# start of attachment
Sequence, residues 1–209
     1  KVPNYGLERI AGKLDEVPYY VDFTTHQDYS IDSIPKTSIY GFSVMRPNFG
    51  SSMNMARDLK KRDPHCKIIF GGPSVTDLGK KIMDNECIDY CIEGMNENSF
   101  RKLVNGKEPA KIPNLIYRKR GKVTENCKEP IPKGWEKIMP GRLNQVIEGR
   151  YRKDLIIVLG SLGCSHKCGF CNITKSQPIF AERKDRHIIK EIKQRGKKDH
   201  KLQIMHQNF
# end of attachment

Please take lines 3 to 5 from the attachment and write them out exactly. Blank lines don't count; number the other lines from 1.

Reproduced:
    51  SSMNMARDLK KRDPHCKIIF GGPSVTDLGK KIMDNECIDY CIEGMNENSF
   101  RKLVNGKEPA KIPNLIYRKR GKVTENCKEP IPKGWEKIMP GRLNQVIEGR
   151  YRKDLIIVLG SLGCSHKCGF CNITKSQPIF AERKDRHIIK EIKQRGKKDH